Friday, April 23, 2010

A Thursday to remember

The sun sets after a busy New York week. 7:40 PM. Photo: JH.
April 23, 2010. Yesterday was another beautiful Spring day in New York with temperatures rising into the 60s.

I went down to Swifty’s for lunch with two writers: Erica Jong and her daughter Molly Jong-Fast. Three writers sitting together at lunch can’t talk fast enough – there is so much to say – and it’s all fodder for someone’s memoir or so we are inclined to think.

Then there’s the world to discuss, the world around us, then the gossip that rises out of it, and finally back to the writing, the work, the way.
Outside Swfity's.
After lunch it started to sprinkle. Then suddenly cooled with some brisk breeze, and the skies turned that soft charcoal grey, and the light turned white. For a minute there we thought we were in for a deluge. Nope. A few more sprinkles and the skies still grey but this time only grey-ish. And the storms passed over till another day. That’s New York; you never know what to expect.

Last night I started out at Archivia, one of my favorite bookstores on Lexington between 71st and 72nd. Archivia specializes in Art and Architecture and Social History, Photography, Design, as well as out-of-print titles from all over the world.

I only go there once a week because it can turn me into a compulsive book-buyer and I don’t have the money. I stopped in earlier in the day, after lunch with Erica because we’d been talking about memoirs and I’d recommended she buy the new Evelyn Waugh biography, Mad World. If you liked the Brideshead series on PBS, this is the very pleasing dessert and coffee and you’ll finish feeling well-fed and real.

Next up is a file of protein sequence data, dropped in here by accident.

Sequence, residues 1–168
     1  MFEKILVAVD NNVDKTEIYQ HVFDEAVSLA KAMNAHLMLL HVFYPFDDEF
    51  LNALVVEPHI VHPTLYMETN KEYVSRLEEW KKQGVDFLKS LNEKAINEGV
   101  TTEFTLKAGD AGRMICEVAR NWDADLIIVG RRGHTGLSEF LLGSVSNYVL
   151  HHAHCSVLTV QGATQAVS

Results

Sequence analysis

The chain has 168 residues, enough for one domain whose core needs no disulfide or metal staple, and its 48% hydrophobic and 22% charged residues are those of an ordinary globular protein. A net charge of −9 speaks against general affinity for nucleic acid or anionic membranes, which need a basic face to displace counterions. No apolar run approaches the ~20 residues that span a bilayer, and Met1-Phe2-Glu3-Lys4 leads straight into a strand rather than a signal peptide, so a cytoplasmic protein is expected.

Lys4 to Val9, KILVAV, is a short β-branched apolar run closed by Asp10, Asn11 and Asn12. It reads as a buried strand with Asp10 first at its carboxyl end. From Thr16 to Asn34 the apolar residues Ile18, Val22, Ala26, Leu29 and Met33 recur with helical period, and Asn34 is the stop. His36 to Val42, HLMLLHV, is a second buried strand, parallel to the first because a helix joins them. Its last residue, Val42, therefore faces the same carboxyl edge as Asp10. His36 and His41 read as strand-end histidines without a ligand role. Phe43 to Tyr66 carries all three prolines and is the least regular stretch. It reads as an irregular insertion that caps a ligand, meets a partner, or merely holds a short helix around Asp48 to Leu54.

Then when we were there I urged her to buy Wendy Burden’s memoir, Dead End Gene Pool. Cynthia told me they were selling out of it and thanked me for recommending it to her.

Then Erica said: I’ve got a pile of books by my bed that I haven’t read.” I was glad to hear her say that because so do I. Then I told her: read the Burden book first and then the Waugh. They go fast even if you don’t have time, and they will both take you to another world – very different worlds but not really. Families. The lot of us.

Ike Kligerman and Barkley. Are you still with me? Yes. It was a beautiful night and there were so many people on the sidewalk when I arrived at 7:30! It started at 6! That is unheard of in the booksigning world in New York. 71st and Lex is neighborhood.

There were a lot of the art and architecture professionals and their agents and their lawyers and their mentors and their followers, their wives, their boyfriends, their whatnot.

I was in black tie – the only one – because I was going on to something else. Then Beth DeWoody came in with her friend Craig Starr, the art dealer. She was dressed up in a red silk coat with embroidery. It occurred to me that she was going to the same party. She was. We mingled for a few. I took more pictures. I met Mr. Monicelli who publishes these books (Monicelli Press). He looks like an art book publisher. Talk, nattily but formally dressed; urbane, an strong Italian accent to his English. Charming.